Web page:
I’ve said it before and I’ll say it again … you’ve gotta be willing to alter your strategy when the market calls for it.
Let me provide an example from my recent trading…
I’ve been holding March-expiring puts on the ProShares Bitcoin Strategy ETF (NYSEARCA: BITO) for several weeks now.
But over the past two weeks, crypto started surging and my puts were rapidly losing value. I knew I had to do something … fast!
Instead of helplessly watching my premium disappear, I decided to get proactive…
So, what did I do? I started buying weekly calls on crypto stocks to hedge against my puts position.
My initial goal was to simply pad my losses, but the hedges ran further than I ever expected.
Ultimately, my call hedges actually outpaced my put losses to leave me in the green.
Now, I want to explain my thought process behind these trades. That way, you can learn how to potentially hedge your losses in the future.
Keep reading and I’ll show you…
What to Do When You’re Holding a Loser
Like all other traders, I hate taking losses.
I understand that losses are an unavoidable part of trading. That said, I always look for ways to lessen my losses when possible.
It all starts with the pain of holding a losing position. When sitting on a losing trade, what can you do?
You only have a few choices:
- Do nothing and watch your money disappear
- Cut your losses quickly and move on to the next trade
- Hedge your losses by holding your initial position while buying contracts on the opposite side of the trade
Option A is clearly unacceptable…
If you’re gonna sit around and watch your account deteriorate in front of your eyes, you shouldn’t be trading in the first place.
For anyone other than very experienced traders, I usually recommend option B…
Cutting your losing positions quickly is one of the best things you can do to avoid blowing your account up.
But occasionally, employing option C can be the most advantageous choice…
Hedging a losing position can potentially prevent you from taking further losses … and maybe even bring you some much-needed profits.
Let me show you what I mean by breaking down a few of my trades from last week…
How I Hedged My Crypto Puts
As I’ve explained before, I’m very bearish on crypto in the big picture.
This is why I’ve been holding long-term puts on BITO.
But when crypto started its recent rally, I wasn’t about to sit around and watch my money disappear.
The first thing I did was size down my BITO puts position. I sold 300 contracts, down 42%, for a loss of $42,228.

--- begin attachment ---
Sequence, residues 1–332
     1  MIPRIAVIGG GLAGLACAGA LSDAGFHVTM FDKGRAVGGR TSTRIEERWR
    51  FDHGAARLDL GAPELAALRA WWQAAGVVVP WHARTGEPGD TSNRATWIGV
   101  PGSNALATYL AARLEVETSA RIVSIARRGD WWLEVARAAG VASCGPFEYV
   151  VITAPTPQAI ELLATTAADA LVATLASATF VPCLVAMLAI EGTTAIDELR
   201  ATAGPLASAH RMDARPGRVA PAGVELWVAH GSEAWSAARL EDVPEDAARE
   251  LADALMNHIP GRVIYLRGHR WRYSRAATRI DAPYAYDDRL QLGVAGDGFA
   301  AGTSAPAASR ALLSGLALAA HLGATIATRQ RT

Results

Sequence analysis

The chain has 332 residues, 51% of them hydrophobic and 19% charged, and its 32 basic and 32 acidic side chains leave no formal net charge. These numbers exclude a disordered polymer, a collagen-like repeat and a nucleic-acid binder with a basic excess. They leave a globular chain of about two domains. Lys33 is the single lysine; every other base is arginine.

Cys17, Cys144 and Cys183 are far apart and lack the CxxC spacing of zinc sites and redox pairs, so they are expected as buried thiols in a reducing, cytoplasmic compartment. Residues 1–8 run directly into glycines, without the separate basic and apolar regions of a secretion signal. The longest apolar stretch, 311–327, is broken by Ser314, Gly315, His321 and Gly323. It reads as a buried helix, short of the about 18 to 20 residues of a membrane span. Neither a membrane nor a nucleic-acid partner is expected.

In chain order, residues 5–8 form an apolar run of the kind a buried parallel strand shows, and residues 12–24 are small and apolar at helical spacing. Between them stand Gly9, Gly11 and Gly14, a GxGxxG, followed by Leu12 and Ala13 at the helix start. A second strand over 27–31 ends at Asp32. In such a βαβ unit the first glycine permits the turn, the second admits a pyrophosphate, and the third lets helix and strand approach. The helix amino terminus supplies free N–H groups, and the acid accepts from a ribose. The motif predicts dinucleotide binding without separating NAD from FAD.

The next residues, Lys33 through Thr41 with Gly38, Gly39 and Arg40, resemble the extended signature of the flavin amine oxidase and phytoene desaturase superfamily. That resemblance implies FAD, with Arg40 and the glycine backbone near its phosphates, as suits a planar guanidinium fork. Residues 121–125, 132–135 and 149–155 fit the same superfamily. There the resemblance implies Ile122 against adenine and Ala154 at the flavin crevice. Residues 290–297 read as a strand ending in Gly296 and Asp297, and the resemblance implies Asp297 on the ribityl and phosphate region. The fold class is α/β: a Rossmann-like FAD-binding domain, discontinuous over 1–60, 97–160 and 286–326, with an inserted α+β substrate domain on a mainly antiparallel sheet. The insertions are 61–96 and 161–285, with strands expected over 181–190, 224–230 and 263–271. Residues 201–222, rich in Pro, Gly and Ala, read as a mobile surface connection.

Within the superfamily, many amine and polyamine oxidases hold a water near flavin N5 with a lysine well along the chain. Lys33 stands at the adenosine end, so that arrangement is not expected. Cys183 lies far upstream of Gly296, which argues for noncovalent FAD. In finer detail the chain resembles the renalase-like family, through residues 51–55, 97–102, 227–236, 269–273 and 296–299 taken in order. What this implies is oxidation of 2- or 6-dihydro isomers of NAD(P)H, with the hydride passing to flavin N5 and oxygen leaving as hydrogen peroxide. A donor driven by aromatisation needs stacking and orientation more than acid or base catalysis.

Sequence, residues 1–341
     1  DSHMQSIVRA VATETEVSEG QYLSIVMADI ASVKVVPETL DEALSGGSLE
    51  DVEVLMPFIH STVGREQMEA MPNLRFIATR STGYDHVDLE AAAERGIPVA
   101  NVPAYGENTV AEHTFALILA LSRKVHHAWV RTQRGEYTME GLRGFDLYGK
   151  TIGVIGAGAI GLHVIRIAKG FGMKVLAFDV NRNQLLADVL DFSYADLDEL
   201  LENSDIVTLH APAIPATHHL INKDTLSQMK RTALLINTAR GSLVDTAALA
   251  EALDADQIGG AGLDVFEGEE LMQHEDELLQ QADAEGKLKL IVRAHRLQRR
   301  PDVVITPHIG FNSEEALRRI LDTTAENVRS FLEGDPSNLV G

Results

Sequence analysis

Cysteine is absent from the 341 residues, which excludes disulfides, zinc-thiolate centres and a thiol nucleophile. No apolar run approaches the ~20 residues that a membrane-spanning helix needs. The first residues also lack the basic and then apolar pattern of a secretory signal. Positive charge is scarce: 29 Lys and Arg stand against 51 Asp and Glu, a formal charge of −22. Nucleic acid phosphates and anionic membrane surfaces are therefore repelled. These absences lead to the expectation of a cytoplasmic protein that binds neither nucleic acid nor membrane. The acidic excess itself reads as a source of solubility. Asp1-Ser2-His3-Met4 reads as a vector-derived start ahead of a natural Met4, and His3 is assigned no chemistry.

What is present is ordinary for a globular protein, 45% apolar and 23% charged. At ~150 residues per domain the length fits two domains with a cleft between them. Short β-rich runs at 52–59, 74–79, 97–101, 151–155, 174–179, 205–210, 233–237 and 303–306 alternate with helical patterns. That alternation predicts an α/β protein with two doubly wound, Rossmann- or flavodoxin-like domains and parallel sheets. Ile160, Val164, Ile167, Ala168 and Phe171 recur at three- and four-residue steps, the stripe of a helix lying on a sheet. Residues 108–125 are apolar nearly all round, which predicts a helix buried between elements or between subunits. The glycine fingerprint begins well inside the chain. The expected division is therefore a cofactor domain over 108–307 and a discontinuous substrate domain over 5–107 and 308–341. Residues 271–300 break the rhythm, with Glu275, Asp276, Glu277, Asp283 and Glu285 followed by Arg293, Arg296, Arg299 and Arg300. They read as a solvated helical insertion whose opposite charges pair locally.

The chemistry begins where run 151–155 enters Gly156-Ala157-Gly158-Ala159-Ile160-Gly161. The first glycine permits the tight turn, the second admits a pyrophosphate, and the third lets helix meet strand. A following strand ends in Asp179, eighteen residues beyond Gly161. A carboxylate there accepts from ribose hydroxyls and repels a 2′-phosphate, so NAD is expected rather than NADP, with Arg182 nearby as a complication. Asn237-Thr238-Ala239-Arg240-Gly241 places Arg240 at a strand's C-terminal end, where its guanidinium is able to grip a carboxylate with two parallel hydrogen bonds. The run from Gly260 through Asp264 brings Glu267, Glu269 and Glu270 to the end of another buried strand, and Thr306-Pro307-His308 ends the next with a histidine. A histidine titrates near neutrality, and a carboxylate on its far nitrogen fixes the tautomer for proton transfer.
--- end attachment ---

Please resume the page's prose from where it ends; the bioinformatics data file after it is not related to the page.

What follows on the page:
This stung a lot, but it was the right move to make. I didn’t sell all of my puts, I simply reduced my risk…
Then, while still holding a sizeable BITO puts position, I bought just under $60,000 worth of Marathon Digital Holdings Inc. (NASDAQ: MARA) 1/20/23 $6 calls for $0.40.
MARA often trades in tandem with BITO, so I figured the MARA calls could work as an effective hedge to my BITO puts.
Sure enough, I was right…
I sold the MARA calls later that day at $1.11 for a gain of 187% and a profit of $107,283 — making more than double what I lost on BITO in just a few hours!
The 3 Key Lessons I Learned from These Trades
So, what are some valuable lessons we can gather from my recent hedge?
- Don’t get married to your predictions (or positions). Had I stubbornly refused to trade calls on crypto because of my overall bearish view of the sector, I’d be sitting on massive losses right now. Here’s yet another example of why you must be willing to switch your game plan up when the price action calls for it!
- Manage your trades carefully. If you have multiple positions open at once (which I only recommend to more experienced traders), you’ve gotta have a reliable system for managing the different plays together. Even a small handful of options trades can be volatile enough to warrant constant babysitting. Keep your trades on a short leash!
- Be unforgiving when cutting losses. Any losing position needs to get cut immediately or reduced significantly — no ‘if, and, or but’!
Hedging options saved me this month, but it’s a delicate balancing act that should be reserved for more experienced traders.
Do I recommend trying this at home? It depends on your level of experience, but probably not.
That said, if you keep trading, one day you’ll find yourself in a spot where you’re experienced enough (and the conditions are right) to put a hedge on…
And when that day comes, now you’ll know what to do.